Duke qualifies for nationals with roster of four

Duke head coach Dan Brooks hugs junior Lindy Duncan.

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1Alison LeeUCLA  69.96 
2Stephanie MeadowAlabama  70.17 
3Gaby LopezArkansas  70.29 
4Noemi JimenezArizona St  70.31 
5Celine BoutierDuke  70.40 

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STATE COLLEGE, Pa. – Earlier this week Dan Brooks noted that Duke had done a lot of special things with four players, including win. Those teams, however, were chock-full of first-team All-Americans and future LPGA cardholders. Simply put: They had swagger.

This Duke team failed to advance to the NCAA Championship for only the second time in school history last year with five players. Playing with four would be a tall task.

“I don’t think the team was quite as upset as they needed to be,” said Golfweek’s top-ranked Lindy Duncan of last year’s failure to advance. “At the beginning of this year we worked through some of that and got a little bit of a fire back in us, and that’s been huge.”

That desire came in handy this week when sophomore Alejandra Cangrejo injured her elbow on the 12th hole Thursday and was forced to withdraw. The Blue Devils played all three rounds with only four players, meaning every stroke counted.

Duke posted a critical round on Friday, moving up six notches on the leaderboard to fifth place. They’d need that cushion in the final round, where they finished tied for sixth with Arizona State and Michigan State. Duncan birdied her last hole to shoot 71.

“I think what Duke did is really a testament to how tough those kids are and how talented they are,” said Texas coach Martha Richards, who played with four players at the NCAA Championship when she was at Vanderbilt. “When we played in nationals in 2004 with just four it was difficult … eight years later it’s a lot tougher. There is a lot more depth.”

Cangrejo, runner-up at the ACC Championship, has the third-best stroke average on Duke’s team. She first broke her right elbow at age 6 and has been bothered by it ever since. Brooks only carries six players on his roster, and there’s a substantial gap between the top five and freshman Irene Jung. It’s uncertain if Cangrejo will be able to return to the lineup in time for the NCAA Championship May 22-25 in Franklin, Tenn.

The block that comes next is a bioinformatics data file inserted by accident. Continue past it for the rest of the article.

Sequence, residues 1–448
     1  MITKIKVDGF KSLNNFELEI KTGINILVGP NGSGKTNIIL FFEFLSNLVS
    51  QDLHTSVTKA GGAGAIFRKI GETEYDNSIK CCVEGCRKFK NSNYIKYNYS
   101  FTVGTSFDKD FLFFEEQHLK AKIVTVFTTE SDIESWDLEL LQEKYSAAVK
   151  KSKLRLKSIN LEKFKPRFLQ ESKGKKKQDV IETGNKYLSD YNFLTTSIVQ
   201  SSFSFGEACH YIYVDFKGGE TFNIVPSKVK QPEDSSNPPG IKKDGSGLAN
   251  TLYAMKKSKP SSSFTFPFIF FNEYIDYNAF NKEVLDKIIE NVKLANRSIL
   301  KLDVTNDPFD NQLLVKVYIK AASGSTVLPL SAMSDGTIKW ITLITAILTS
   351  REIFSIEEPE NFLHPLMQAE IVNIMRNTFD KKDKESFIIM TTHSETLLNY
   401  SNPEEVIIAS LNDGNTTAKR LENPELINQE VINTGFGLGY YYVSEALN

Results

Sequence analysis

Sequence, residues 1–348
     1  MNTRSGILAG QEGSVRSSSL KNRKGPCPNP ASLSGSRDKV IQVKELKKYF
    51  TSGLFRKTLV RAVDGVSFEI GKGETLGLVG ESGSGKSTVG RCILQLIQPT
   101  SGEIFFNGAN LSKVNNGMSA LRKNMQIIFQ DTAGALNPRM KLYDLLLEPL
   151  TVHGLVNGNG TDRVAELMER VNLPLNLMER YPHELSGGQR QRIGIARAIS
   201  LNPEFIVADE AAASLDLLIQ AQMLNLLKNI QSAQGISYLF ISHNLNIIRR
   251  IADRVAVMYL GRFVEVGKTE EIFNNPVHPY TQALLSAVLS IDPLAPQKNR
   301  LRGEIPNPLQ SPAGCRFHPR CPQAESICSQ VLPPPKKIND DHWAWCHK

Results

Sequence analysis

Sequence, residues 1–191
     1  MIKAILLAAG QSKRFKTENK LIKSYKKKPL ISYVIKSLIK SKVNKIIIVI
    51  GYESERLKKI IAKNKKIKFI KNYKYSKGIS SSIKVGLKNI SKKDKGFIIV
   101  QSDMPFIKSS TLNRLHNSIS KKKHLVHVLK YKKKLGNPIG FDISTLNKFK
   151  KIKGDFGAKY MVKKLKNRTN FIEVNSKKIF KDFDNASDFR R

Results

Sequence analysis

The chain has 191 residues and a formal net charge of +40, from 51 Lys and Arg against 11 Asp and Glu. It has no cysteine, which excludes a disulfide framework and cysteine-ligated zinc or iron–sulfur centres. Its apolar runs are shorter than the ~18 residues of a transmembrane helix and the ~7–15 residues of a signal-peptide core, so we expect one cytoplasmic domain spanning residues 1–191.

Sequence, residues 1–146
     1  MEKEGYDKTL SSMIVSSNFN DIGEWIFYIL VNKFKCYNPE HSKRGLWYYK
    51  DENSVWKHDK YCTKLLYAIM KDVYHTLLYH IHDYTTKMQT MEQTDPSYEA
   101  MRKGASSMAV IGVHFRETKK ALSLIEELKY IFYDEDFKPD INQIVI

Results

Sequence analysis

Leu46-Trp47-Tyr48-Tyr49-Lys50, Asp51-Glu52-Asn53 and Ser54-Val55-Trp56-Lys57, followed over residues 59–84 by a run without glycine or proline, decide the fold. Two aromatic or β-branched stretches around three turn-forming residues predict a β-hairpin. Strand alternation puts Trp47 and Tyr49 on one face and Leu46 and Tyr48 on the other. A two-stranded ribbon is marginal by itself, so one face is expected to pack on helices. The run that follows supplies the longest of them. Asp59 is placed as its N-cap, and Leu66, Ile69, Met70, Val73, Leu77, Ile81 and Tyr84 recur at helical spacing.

While Duncan has been a model of consistency for Duke – never finishing outside the top 8 – junior Courtney Ellenbogen is on more of a roller coaster. The once stout junior player has been on a wild ride off the tee the last few years. She couldn’t have picked a better time to tie her season-low 72 than on Friday. She followed it up with a 74.

“When her back’s against the wall and she really wants to fight, she’s really, really good,” Brooks said.

Overall, Brooks said, patience got his team through this week. That’s something Duncan has been working on for years. This season, she has showed more maturity on the golf course, keeping more of an even temper when things aren’t going well.

“Even when I was a little girl my mom would tell me if you don’t work on this you’re never going to be what you want to be,” Duncan said.

At the U.S. Women’s Open last year at The Broadmoor, Duncan realized her ball-striking was on par with LPGA players but learned her short game needed work. She returned to Durham and spent serious time on the putting green. That, coupled with a better attitude, has paid dividends. She has won four times this season.

There were long post-round talks and worried faces along the way, but Duke showed a lot of heart.

It was, as Brooks might say, something special.

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